Let’s learn about Godzilla and King Kong

If these blockbuster monsters really existed, they’d each bring unique adaptations to a fight

godzilla and king kong race through an underground cave, both of their jaws open to roar

Godzilla x Kong: The New Empire bursts into theaters on March 29. Godzilla (left) and King Kong (right) are both so big that physics and biology would prevent their existence. But if these two iconic beasts were real, they’d bring some really useful adaptations to a battle.

Courtesy of Warner Bros. Pictures

This week, Godzilla x Kong: The New Empire bursts into theaters. In the film, Godzilla and King Kong must unite against a new threat to save the world. But if these two beasts really existed, their greatest common enemy would likely be physics. Journalist Tom Ward explained why in a story for WIRED.

In the movies, King Kong is reputed to be more than 100 meters (330 feet) tall and weigh some 158 tons. Godzilla is supposedly even bigger: a whopping 120 meters (390 feet) tall and 164 tons. But these monsters will only stomp across the movie screen. Animals that big would probably be too heavy to stand up. Earth’s true biggest animal, the blue whale, has the benefit of buoyancy to support its body. But even the biggest blue whales only grow to be about 30 meters (100 feet) long and 150 metric tons.

The actual largest ape ever to walk the Earth was a pipsqueak when compared with King Kong. That primate, Gigantopithecus blacki, wandered what is now China a couple million years ago. It resembled a 3-meter-tall (10-foot-tall) orangutan. Meanwhile, the largest Godzilla-like creatures on land would have been the dinosaurs. The biggest of those were the long-necked sauropods, which maxed out at less than 40 meters (120 feet) long and around 75 metric tons.

Still, if Godzilla or King Kong could exist, each one would bring some pretty neat adaptations to battle. Kiersten Formoso explored these in a story for The Conversation. Formoso is a functional morphologist. That type of scientist studies how animals’ skeletons and tissues let them move. King Kong would likely have a great arm for throwing, she says. His powerful jaws would have a super strong bite, too.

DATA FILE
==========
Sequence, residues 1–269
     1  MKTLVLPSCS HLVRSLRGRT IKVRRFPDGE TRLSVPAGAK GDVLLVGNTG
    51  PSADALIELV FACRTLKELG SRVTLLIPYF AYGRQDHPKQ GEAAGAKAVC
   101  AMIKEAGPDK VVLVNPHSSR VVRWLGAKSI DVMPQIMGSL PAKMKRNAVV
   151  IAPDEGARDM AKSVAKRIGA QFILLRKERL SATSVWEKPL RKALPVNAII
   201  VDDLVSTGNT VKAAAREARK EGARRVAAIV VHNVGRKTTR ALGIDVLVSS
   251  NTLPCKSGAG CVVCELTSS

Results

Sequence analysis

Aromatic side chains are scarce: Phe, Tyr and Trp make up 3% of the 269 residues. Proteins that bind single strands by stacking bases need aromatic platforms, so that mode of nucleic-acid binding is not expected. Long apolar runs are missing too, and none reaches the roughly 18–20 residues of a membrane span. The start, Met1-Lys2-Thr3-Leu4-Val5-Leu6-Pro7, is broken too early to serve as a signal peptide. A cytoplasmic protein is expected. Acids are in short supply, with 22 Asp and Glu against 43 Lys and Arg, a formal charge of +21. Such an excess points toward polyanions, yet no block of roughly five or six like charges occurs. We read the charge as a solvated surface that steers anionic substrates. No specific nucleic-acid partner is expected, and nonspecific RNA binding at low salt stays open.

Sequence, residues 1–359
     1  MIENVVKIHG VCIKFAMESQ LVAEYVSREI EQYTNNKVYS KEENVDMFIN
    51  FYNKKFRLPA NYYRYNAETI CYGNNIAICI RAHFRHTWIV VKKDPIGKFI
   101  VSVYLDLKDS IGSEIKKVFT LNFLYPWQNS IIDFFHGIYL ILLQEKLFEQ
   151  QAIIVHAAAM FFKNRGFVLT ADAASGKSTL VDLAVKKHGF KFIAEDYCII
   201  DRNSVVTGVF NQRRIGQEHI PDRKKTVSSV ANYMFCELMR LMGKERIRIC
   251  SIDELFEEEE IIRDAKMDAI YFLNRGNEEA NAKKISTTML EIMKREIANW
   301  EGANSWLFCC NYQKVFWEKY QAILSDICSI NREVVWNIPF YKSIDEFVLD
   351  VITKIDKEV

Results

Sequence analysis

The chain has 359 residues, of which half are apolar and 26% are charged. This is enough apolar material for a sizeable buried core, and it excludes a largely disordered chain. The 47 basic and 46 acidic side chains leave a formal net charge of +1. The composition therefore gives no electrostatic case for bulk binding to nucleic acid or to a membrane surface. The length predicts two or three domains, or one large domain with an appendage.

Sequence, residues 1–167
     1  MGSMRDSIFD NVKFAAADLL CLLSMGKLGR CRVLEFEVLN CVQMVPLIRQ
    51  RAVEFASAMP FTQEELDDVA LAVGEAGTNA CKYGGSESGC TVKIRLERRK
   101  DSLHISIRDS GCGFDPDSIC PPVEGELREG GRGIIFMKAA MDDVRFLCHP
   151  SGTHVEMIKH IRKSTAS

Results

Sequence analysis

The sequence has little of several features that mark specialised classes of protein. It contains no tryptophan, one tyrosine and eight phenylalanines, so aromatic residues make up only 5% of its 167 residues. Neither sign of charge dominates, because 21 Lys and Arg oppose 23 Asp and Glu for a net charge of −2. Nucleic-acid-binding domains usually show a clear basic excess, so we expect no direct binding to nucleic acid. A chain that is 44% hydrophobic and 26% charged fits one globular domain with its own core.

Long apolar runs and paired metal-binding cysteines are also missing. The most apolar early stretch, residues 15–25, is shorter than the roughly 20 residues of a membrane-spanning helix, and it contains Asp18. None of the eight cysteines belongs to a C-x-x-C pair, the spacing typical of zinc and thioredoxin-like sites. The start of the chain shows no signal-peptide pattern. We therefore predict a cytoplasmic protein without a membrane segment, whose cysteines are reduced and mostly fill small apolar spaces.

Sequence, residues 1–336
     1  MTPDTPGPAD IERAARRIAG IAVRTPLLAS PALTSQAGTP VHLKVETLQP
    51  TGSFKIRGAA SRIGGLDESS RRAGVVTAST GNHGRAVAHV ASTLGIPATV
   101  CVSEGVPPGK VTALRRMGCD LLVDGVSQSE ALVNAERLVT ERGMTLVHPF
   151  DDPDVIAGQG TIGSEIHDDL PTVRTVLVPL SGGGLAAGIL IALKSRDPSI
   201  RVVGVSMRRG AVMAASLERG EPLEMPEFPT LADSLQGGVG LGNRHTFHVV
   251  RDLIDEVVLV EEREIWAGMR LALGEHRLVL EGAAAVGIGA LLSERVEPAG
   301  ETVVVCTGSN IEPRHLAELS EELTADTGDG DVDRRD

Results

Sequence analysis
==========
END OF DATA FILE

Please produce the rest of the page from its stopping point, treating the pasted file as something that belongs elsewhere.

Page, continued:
Godzilla, meanwhile, could use his tail as a whip, like some modern lizards do. The giant reptile’s scaly skin and sharp spikes would also offer good defense, Formoso says. Godzilla’s atomic breath is another question. No known reptile can do that. But perhaps it would be possible if Godzilla maintained a healthy diet of radioactive rocks or meat.

Want to know more? We’ve got some stories to get you started:

Where does Godzilla get his atomic breath? Some secrets of the kaiju’s atomic breath can be explained with creative applications of physics and biology. (10/16/2023) Readability: 7.9

Monstrous mammals would break the body rules Giant mammals and people thunder through our movies and books. But real mammals can only get so large before they can’t take the heat. (5/17/2022) Readability: 6.3

Have you seen Bigfoot or the Loch Ness Monster? Probably not Floe Foxon is a data scientist by day. In his free time, he applies his skills to astronomy, cryptology and sightings of mythical creatures. (2/12/2014)

Meet Gigantopithecus, the largest ape to ever live! The primate was no King Kong, but it was still pretty big.

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Have we found Bigfoot? Not yeti

A tooth fossil shows Gigantopithecus’ close ties to modern orangutans (from Science News)

The desert planet in ‘Dune’ is plausible, according to science (from Science News)


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The real largest animals walking on land today are African elephants. Want to see them in action? Check out live cameras from the Oakland or San Diego zoos — or this feed from Tembe Elephant Park in South Africa!

Maria Temming is the Assistant Managing Editor at Science News Explores. She has bachelor's degrees in physics and English, and a master's in science writing.

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